Newspaper article THE JOURNAL RECORD

Inhofe Champions Battle against EPA Clean Air Rules

Newspaper article THE JOURNAL RECORD

Inhofe Champions Battle against EPA Clean Air Rules

Article excerpt

WASHINGTON -- "I'm trying to use my most moderate language," Sen. James Mountain Inhofe warned the witness - an Environmental Protection Agency official who testified last week at a congressional hearing.

"But the EPA is being blatantly dishonest with the American people" about its proposed new air quality standards, declared Inhofe, chairman of the Senate Environment and Public Works subcommittee that oversees the federal Clean Air Act.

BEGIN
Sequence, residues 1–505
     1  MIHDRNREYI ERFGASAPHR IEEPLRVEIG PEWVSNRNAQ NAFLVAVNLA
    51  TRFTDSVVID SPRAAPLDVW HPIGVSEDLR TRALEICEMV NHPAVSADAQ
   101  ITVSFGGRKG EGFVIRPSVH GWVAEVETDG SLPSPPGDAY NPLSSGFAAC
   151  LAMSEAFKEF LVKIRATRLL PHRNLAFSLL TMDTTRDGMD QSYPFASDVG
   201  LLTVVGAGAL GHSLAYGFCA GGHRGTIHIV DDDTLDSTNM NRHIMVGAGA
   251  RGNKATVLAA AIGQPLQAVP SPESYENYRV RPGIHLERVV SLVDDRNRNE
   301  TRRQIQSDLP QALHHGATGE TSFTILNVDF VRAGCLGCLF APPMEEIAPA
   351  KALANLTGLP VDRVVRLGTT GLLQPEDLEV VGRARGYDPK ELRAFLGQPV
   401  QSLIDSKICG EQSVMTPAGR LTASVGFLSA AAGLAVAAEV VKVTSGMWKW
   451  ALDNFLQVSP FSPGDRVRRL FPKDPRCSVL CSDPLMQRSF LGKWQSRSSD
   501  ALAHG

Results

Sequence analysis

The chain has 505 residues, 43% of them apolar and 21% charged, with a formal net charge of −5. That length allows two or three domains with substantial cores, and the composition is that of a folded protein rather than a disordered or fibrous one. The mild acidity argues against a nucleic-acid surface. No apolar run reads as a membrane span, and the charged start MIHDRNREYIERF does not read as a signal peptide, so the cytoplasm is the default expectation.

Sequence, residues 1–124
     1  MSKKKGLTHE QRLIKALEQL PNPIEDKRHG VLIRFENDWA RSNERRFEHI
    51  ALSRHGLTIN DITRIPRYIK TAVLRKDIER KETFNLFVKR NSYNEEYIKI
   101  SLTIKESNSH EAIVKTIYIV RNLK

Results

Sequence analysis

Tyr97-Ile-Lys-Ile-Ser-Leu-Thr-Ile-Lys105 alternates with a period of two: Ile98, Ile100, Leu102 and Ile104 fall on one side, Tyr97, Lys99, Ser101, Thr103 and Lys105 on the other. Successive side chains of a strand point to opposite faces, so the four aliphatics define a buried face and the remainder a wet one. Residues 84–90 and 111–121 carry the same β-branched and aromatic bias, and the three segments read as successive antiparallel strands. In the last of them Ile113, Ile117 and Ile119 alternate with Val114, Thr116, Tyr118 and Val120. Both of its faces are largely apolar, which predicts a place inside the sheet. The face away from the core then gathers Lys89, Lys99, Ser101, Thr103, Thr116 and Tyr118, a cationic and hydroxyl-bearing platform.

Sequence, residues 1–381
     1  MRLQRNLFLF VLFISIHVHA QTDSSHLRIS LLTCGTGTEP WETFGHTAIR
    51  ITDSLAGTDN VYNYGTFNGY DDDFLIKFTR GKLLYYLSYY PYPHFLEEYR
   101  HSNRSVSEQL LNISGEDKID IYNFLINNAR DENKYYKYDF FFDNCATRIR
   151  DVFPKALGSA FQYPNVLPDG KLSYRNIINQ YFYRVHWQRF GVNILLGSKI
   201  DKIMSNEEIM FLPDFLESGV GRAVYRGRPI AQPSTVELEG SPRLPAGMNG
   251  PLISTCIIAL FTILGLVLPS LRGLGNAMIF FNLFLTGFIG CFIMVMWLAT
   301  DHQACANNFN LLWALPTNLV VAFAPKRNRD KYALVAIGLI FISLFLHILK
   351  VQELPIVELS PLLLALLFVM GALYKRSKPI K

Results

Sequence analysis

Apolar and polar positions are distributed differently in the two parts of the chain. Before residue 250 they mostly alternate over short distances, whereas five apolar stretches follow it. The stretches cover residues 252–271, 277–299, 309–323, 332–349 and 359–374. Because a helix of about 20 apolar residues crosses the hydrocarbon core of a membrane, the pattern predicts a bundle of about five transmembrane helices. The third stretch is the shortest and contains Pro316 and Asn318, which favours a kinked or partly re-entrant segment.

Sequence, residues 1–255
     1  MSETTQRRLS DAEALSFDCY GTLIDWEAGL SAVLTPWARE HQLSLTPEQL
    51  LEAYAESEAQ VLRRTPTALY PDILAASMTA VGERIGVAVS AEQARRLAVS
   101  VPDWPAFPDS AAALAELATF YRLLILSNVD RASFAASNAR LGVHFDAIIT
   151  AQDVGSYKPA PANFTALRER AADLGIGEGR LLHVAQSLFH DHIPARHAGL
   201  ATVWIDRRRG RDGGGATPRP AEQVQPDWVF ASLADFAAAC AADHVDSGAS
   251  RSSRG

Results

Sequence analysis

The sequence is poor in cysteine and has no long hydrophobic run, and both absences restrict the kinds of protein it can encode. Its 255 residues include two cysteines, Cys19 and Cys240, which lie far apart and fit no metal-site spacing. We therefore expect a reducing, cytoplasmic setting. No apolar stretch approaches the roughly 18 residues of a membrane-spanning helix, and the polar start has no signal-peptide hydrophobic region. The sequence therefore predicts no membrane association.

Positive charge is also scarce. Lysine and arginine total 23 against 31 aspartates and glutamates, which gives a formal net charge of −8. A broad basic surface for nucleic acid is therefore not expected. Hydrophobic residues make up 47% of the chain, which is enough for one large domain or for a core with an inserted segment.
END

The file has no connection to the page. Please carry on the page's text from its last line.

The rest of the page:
A conservative before conservative was cool -- opining way back in the Vietnam War era that George McGovern should be hanged with Jane Fonda -- the 62-year-old Oklahoma Republican has long been known for speaking his mind. Inhofe has a special disdain for the EPA, which he has deemed a "Gestapo bureaucracy." Now Inhofe, through his position and philosophy, has emerged as a leader in the fight to thwart implementation of new air standards. The rules are aimed at sharply reducing ozone, a component of smog, and controlling tiny airborne flecks of dust and soot called particulate matter. In his crusade, Inhofe is championing the cause of many jurisdictions -- such as metropolitan Atlanta -- that have still not met current EPA air quality standards, despite considerable effort and expenditure. Some officials in these areas fear the cost to taxpayers and businesses of trying to reach even higher levels of air purity. "Communities that have struggled for years to attain the existing standard will now have the goal posts moved in the middle of the game," complained Inhofe. "This is unfair particularly to the inner cities seeking to attract jobs and a higher standard of living for their people." "There is little justification for the EPA's ill-conceived mandates," the senator added. "These rules do not reflect good science or good policy." Inhofe has promised to introduce legislation to postpone a decision on the new standards for at least five years. He said the nation needs further study to establish a consensus about what is necessary and appropriate. A similar bill is pending in the House. Without such blocking legislation -- which President Clinton would likely veto -- the new EPA standards will be implemented under existing law. Inhofe's plain-spoken politics and personality are rooted in Tulsa, the dusty, boom-or-bust oil town where he grew up and spent most of his life. Like the Presbyterian, business-oriented Inhofe, Tulsa is hard- core conservative, both culturally and politically. Tourists come from all over the Southwest to see Tulsa's bronze, 60-foot-tall "Praying Hands" statue. After studying economics at the University of Tulsa, Inhofe developed real estate in his rapidly growing home town before entering politics. He served as mayor of Tulsa from 1978 to 1984 and later represented the congressional district encompassing Tulsa County. …

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